We present results of coupled direct numerical simulations between flow and a deformable bed in a horizontally periodic, turbulent open channel at a shear Reynolds number of Reτ = 180. The feedback between the temporally and spatially evolving bed and the flow is enforced via the immersed boundary method. Using the near-bed flow field, we provide evidence on the role of locally intense near-bed vortical structures during the early stages of bed formation, from the emergence of quasi-streamwise streaks to the formation of incipient bedform crestlines. Additionally, we take a new look at a number of defect-related bedform interactions, including lateral linking, defect and bedform repulsion, merging, and defect creation, and show that the underlying mechanisms, in these flow-aligned interactions, are very similar to each other. Consequently, the interactions are labeled differently depending on the geometry of interacting structures and the outcome of the interaction. In the companion paper, we compare our results to published experimental data and provide an extensive quantitative analysis of the bed, where we demonstrate the importance of neighboring structures, especially upstream neighbors, on bedform dynamics (growth/decay and speed) and wave coarsening. Video files of bed evolution are available in the supporting information.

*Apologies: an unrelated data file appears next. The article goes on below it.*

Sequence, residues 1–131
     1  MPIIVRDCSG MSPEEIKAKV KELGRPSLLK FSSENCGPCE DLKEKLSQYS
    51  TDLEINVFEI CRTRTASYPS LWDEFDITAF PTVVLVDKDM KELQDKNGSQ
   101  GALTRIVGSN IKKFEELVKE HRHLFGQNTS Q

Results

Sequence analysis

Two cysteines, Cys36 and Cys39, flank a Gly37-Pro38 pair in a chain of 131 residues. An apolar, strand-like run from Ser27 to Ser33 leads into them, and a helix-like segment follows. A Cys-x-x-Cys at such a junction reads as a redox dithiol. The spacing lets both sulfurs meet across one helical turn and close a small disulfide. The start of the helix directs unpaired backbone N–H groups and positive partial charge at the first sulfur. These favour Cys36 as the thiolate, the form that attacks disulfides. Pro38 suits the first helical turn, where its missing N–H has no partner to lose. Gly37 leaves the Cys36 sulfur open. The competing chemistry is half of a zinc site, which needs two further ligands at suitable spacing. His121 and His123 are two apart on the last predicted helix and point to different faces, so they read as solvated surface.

- Mesoscale resolved simulations show the different mechanisms for bedform-bedform interactions to be very similar to each other
- Similar to laminar flows over dunes and ripples, a positive phase shift is observed between bed shear stress and topology even in mesoscale-resolved turbulent flow field
- Simulations match Coleman and Melville (1996) theory on bedform initiation from a flat bed
Zgheib, N., Fedele, J. J., Hoyal, D. C. J. D., Perillo, M. M., & Balachandar, S. (2018). Direct numerical simulation of transverse ripples: 1. Pattern initiation and bedform interactions. Journal of Geophysical Research: Earth Surface, 123, 448– 477. https://doi.org/10.1002/2017JF004398
Journal of Geophysical Research: Earth Surface